In my opinion, the books are just as good as any screen material and should be considered canon and the "real" story line. At the startrek.com boards, the books get a lot of hate, and I think it's a shame that trek fans don't hold the books to be as important as star wars fans do with their books.
     
  11. Christopher

    Christopher Writer Admiral

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    Re: Star Trek: Online: The Needs of the Many - Discussion (Spoilers)

    Canon has nothing to do with good or bad. It's not a value judgment. It's simply a matter of what's feasible to keep consistent. It's difficult enough for the various different producers of the TV/film franchise to keep consistent with one another's creations and ideas, and in fact the franchise is fraught with inconsistencies as it is. But for a TV/film franchise to keep consistent with a set of books that are produced on a very different schedule, written by people scattered all over the English-speaking world, edited by people on the other end of the continent, and read by only a tiny fraction of the TV/film viewing audience would be vastly more difficult and impractical. The only times that book or comic tie-ins have ever been able to function as truly canonical works have been when the creators of the TV franchise have been able to supervise or write the tie-ins themselves.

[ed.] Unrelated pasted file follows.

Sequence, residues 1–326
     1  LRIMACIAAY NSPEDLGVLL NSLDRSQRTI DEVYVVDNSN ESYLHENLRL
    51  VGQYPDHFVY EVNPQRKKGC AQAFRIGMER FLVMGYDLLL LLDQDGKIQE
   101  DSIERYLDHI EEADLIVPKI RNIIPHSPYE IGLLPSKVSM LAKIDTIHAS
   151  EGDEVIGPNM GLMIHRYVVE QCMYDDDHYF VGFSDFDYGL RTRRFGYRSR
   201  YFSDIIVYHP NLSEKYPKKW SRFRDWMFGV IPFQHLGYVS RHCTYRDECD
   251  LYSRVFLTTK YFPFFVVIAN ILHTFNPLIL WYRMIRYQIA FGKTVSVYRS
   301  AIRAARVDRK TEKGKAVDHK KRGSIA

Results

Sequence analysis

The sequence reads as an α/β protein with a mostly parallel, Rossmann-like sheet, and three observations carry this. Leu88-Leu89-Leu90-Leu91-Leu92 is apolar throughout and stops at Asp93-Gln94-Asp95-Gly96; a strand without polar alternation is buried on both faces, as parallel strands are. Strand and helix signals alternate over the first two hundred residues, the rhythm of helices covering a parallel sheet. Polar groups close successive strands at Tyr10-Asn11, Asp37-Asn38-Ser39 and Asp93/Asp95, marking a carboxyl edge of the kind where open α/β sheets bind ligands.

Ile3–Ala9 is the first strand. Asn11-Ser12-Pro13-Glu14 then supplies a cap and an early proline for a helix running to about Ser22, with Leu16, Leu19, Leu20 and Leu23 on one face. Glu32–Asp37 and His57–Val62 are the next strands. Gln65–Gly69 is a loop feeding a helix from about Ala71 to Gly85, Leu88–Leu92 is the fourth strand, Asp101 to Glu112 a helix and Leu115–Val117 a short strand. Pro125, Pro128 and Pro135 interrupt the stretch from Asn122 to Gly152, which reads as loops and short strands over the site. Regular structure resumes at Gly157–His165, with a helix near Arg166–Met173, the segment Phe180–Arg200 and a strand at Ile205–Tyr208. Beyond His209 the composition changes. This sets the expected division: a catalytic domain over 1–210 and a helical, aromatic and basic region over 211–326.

12. MatthiasRussell

    MatthiasRussell Fleet Captain Fleet Captain

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    Re: Star Trek: Online: The Needs of the Many - Discussion (Spoilers)

    I'm not in the biz and so don't by any means have the ability to dispute you, but I'd say it is much easier now with the existence of memories alpha and beta to keep everything in agreement as well as with there not being any prime universe screen material for the foreseeable future. I see little reason why the books falling under the "relaunch" category couldn't be canonized. I also think if the franchise were to say "the franchise books are to be considered canon and if a future tv show is produced we will try to prevent it from contradicting them" readership would go up.

    When I have polled members at st.com, most there consider the books nothing more than fan fiction they have to pay for and don't appreciate the editorial controls and licensing that goes into them. I get ignored when I site the books in discussions there with "the books are meaningless" or "the books don't count".
     
  13. Thrawn

    Thrawn Rear Admiral Rear Admiral

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    Re: Star Trek: Online: The Needs of the Many - Discussion (Spoilers)

    And it's funny, because the books matter almost exactly as much to Trek as they do to Star Wars; George Lucas feels obviously free to contradict whatever the hell he wants to in the books when he's making movies or animated things, exactly as in Star Trek. And the Trek books, with only a very few notable exceptions, treat each other as part of the same continuity, exactly as Star Wars does.